Displacement from Gentrification

Source: www.youtube.com

How does gentrification displace longtime residents?  How does the community change during the gentrification process?  What are the impacts to residents (current and former) of the gentrification process?  This is one young man’s story about gentrification in San Francisco’s Mission District. 

 

Tags: neighborhood, gentrificationurban, place, culture, economic

Chile’s Energy Transformation Is Powered by Wind, Sun and Volcanoes

“Once energy dependent, Chile is on track to become a renewables powerhouse with the potential to export electricity. Chile is on track to rely on clean sources for 90 percent of its electricity needs by 2050, up from the current 45 percent.”

Source: www.nytimes.com

The definition of a natural resource changes as the societal and technological context shifts.  Firewood was once the most important energy resource and now there are tree removal companies that haul are paid to haul away what some would consider very valuable goods. The coastal breeze of the Pacific, the harsh sun of the Atacama desert, and the rugged volcanic landscapes of Chile were never an energy resources…until they were made so by technological advancements and shifting economic paradigms.  As this article and embedded video demonstrate, Chile and South America are fully investing in the transition from a fossil fuel-based economy to renewable energy resources.

 

TagsChileSouth America, industry, sustainabilityeconomic, energy, resources, unit 6 industry.

Geo-economics of the Thai Canal

A group of influential Thai officials is promoting the construction of a long-envisioned megaproject, known as the Thai Canal. If built, it would transform the regional maritime dynamics and give Thailand a substantial stake in global trade. Yet, as ambitious as the project it, there are equally credible drawbacks that could reshape the geo-economic fortunes of Southeast Asia.

Source: www.youtube.com

The Straits of Malacca is an incredibly busy waterway.  Around 20% of global trade and 30% of the world’s crude oil travel through this tiny choke point.  At its narrowest, the Straits of Malacca is less than 2 miles wide and as Asian economies grow, alternative shipping lanes are becoming more attractive.  China is looking to bankroll a canal that would bisect the Malay Peninsula and reduce their dependency on the Straits of Malacca.  This is still uncertain, but would represent a major geo-engineering project that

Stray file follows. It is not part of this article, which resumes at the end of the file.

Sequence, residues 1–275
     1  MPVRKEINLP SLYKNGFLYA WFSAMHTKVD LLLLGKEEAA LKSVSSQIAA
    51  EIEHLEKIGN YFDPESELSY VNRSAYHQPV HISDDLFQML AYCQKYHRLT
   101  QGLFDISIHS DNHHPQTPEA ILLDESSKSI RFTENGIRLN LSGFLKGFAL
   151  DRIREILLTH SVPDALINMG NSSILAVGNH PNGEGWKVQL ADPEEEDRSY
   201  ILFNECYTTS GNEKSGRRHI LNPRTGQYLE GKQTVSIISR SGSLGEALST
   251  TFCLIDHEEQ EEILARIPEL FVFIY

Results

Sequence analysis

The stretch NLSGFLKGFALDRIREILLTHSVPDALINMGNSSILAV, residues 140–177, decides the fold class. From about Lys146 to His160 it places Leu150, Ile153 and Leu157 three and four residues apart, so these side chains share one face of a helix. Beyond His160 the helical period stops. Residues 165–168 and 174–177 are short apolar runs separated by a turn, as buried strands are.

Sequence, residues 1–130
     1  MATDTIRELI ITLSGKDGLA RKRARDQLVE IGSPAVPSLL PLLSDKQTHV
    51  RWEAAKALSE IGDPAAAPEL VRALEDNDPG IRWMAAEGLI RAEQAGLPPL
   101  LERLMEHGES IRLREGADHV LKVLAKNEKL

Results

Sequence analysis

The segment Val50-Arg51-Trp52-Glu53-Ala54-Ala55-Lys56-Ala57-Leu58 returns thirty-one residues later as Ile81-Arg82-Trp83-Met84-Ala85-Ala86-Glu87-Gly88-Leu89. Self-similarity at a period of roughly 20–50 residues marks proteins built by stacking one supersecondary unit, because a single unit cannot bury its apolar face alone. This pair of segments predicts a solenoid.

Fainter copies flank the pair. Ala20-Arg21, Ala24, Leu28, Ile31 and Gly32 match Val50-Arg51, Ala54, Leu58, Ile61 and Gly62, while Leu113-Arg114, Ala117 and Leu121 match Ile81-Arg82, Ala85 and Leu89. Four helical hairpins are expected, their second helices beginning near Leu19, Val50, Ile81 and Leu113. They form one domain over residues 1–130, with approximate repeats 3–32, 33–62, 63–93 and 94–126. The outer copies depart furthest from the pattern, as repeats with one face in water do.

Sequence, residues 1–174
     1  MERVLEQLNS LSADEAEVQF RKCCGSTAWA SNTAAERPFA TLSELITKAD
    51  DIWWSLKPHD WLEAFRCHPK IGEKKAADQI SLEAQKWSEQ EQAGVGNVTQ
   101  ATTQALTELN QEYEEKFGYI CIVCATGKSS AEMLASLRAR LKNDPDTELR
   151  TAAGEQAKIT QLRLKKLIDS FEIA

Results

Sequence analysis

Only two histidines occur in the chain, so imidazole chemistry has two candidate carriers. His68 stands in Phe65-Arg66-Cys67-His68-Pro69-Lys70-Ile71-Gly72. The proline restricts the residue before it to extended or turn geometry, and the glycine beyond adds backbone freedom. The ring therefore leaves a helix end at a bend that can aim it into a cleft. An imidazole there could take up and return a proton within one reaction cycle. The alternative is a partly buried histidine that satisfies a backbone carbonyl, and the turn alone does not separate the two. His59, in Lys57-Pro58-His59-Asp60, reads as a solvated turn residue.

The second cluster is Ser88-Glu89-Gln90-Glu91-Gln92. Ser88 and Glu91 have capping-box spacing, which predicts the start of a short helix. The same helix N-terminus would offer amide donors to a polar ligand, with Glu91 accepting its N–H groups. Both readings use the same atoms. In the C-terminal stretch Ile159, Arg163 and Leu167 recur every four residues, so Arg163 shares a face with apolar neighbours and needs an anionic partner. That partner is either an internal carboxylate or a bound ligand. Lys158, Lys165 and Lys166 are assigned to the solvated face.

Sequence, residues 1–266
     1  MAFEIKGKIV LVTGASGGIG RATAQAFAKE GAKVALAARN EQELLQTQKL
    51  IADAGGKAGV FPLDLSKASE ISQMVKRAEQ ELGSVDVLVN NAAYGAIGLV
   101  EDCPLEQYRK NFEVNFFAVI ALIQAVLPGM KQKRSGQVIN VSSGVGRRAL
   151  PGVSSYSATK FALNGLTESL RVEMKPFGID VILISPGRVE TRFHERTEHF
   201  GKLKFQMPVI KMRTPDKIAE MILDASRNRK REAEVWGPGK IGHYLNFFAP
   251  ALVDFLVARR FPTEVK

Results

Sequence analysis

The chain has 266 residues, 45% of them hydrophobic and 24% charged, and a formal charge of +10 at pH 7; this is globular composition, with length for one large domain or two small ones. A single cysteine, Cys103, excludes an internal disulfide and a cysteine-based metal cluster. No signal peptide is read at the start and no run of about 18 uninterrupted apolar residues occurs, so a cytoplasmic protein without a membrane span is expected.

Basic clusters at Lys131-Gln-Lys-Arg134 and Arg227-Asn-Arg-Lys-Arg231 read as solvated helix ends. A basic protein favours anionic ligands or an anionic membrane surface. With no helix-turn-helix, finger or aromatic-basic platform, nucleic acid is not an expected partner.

Perspectives: What are the positives and negatives of this plan for Thailand?  China?  The United States? 

 

Tags: Thailand, Southeast Asiatransportation, globalization, diffusion, industry, economic.

Peru gives landlocked Bolivia a piece of Pacific coast to call its own

“It might be a strip of sand without even a jetty but a small stretch of the Pacific coast now harbors Bolivia’s dream of regaining a coast and becoming a maritime nation. The landlocked Andean country has won access to a desolate patch of Peru’s shoreline, fueling hopes that Bolivia will once again have a sea to call its own. President Evo Morales signed a deal yesterday with his Peruvian counterpart, Alan García, allowing Bolivia to build and operate a small port about 10 miles from Peru’s southern port of Ilo. The accord, sealed with declarations of South American brotherhood, was a diplomatic poke at Chile, the neighbor that seized Bolivia’s coast and a swath of Peruvian territory in the 1879-84 war of the Pacific.”